Here we are at another March and another Women’s Day. In the 24 hours that we will be bombarded with things to buy to ‘celebrate’ women on March 8, which is recognised as the International Women’s day, I plead for the following:
● Understand the significance of the day. Over a century of struggle and ask how a movement for working women’s rights has been reduced by marketing agencies to token and t-shirt feminism.
● While on the ‘F’ word, read up on feminism just so it reminds us that it is but a demand for equality of the sexes. If you believe in this, you are a feminist, and hey, it’s good to want equality and be a feminist. If you take this reading advice seriously, you’ll stumble upon the fact that bra-burning which is so closely associated with the feminist movement never happened. It’s fictional, and no bras were burnt in public.
● In the process I ask of you to unmask the myth that there is such a thing as capitalist feminism, because there is not, and equality cannot be achieved in an unequal exploitative capitalist economy. What I mean is that a ‘Proud Feminist’ t-shirt, even when worn in good spirit cannot be delinked from underpaid factory workers in unsafe environments producing them. But if you are proud to be a feminist, this is an easy connection to make.
● The International Women’s day started off a ‘working-women’s’ struggle. So use this chance to see labour that goes into everything that is done — housework, childcare, all kinds of unpaid work and informal work including sanitary, domestic and construction work — because all work is work. Most work that women do remains unfortunately unpaid, but seeing that it fuels the economy is a start to changing this. So use this chance to thank the people who make life easier for you by doing work that remains largely invisible.
● Do what you can to relieve your workplace of gender discrimination. Check if the company complies with the different laws that place the workplace safer for women employees and encourage women to stay in the job. This is maternity benefits, back-from-break programmes, adequate cab services, staff sensitisation, non-discriminatory hiring policies, period leaves, minimum and equal pay, safe working conditions, sexual harassment committees that exist outside the paper, and a commitment to bring more women into the workforce. Join the union, or form one if you must. If you cannot do either, at least pledge your support to trade union work that stands one with worker’s struggles.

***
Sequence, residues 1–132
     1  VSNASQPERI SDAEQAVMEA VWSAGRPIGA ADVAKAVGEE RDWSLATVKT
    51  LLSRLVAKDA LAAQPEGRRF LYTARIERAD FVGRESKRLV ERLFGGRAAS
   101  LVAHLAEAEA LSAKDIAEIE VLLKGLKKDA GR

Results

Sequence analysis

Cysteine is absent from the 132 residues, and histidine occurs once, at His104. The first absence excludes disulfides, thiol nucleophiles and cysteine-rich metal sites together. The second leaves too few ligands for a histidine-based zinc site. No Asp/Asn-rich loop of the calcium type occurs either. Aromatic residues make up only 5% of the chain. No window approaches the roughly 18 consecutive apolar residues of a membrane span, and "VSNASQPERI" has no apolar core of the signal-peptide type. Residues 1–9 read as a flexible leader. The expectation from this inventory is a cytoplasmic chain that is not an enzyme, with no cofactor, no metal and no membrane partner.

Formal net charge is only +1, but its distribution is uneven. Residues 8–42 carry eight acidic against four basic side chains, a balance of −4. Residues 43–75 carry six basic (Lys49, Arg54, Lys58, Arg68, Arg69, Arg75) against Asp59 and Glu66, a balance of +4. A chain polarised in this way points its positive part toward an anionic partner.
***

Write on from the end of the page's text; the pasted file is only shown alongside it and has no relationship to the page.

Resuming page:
● If you see ‘division of labour’ based on gender, try coaxing it out of its comfort zone. It is easy to set aside tasks based on gender, but we are already talking paternity leave and stay-at-home dads and must not stop till nurturing is a natural way of life for everyone across all strata, not just women. We could begin from our homes.
● When a person questions the need for feminism anymore and insists that all we need is humanism, call them in to a conversation about privilege, pointing out that we all need feminism till no one needs it. The struggle is just beginning. As a stalwart women’s right activist of Tamil Nadu, Mythily Sivaraman says in an interview, “There is no such thing as freedom only for me. When the person next to you is not free, you cannot be free either.”
● Remember or find feminist ‘foremothers’ in this month that is also Women’s History Month. We are where we are only because of these women. Contributing to archives with stories from your own family, and unearthing new women for us to be grateful to not only puts more women on the map, it reinforces that the feminist movement and it’s struggle for equality is very much an on-going one. We are the ones who have the power to write her story of tomorrow. Yes, you too.
● This year, on March 8, celebrate your body for what it is and what it can do instead of celebrating by buying. Pamper yourself with sisterhoods, solidarity networks and friends; some of whom I’m sure can give massage salons a run for their money. Ladies Brunch if you should, but savour the ideas of a safe world, safe cultures, and safe space. When at the parlour, mediate on the possibility that a woman can be born, die and live with dignity, whether she is good, bad or ugly. Till we don’t need #metoo campaigns, it is not times up for the feminist movement.
The writer is a city-based activist, in-your-face feminist and a media glutton